WASHINGTON: Richard Holbrooke, the US special envoy for Afghanistan and Pakistan, was critically ill Saturday in hospital where he has been joined by family members, the State Department said.
“This morning, doctors completed surgery to repair a tear in his aorta. He is in critical condition and has been joined by his family” at George Washington University Hospital in the US capital, State Department spokesman Philip Crowley said in a statement.
Holbrooke took ill on Friday while working on the seventh floor of the State Department building, which is where US Secretary of State Hillary Clinton’s office is located.
The hard-nosed trouble shooter is perhaps best known for brokering the 1995 peace agreement that ended three years of war in Bosnia.
As US envoy to Afghanistan and Pakistan, Holbrooke has maneuvered the daunting task of pushing Kabul and Islamabad to work jointly against resurgent Al-Qaeda and Taliban militants as part of US President Barack Obama’s push to shore up the US war effort in Afghanistan.
Holbrooke’s health has at times been a concern, and the veteran US diplomat underwent tests in New York in April for possible blocked arteries, though doctors gave him the all-clear to travel.
He maintains a hectic travel schedule, and was in Islamabad as recently as last month.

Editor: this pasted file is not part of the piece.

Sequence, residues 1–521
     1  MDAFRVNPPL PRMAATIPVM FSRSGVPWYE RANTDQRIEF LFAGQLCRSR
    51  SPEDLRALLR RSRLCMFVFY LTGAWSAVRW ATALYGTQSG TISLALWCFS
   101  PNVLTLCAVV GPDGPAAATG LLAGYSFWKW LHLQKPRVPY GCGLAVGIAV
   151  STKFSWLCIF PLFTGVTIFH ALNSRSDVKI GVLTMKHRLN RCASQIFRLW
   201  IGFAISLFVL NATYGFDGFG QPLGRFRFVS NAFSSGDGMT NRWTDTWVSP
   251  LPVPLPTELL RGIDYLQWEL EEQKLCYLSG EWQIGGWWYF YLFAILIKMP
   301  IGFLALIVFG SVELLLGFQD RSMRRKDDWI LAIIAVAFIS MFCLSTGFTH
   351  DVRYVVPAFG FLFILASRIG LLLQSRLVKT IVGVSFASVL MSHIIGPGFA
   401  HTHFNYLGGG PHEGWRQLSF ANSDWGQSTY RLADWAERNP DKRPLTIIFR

Holbrooke’s hospitalization comes as the White House conducts a review of war strategy in Afghanistan, one year after Obama announced a deployment of an additional 30,000 US troops in a bid to turn around the war.
A senior defense official has said it will likely credit a troop surge with bolstering security, but warn that the insurgency is far from defeated.
Dubbed “the bulldozer” for his impatient, hard-charging style, Holbrooke alternately browbeat and cajoled the nationalist leaders of former Yugoslavia until he succeeded in forging a peace deal in November 1995 in Dayton, Ohio, following a round of Nato air strikes against Serb forces.
The Dayton agreement has held the shaky Bosnian state together despite persistent tensions among rival communities.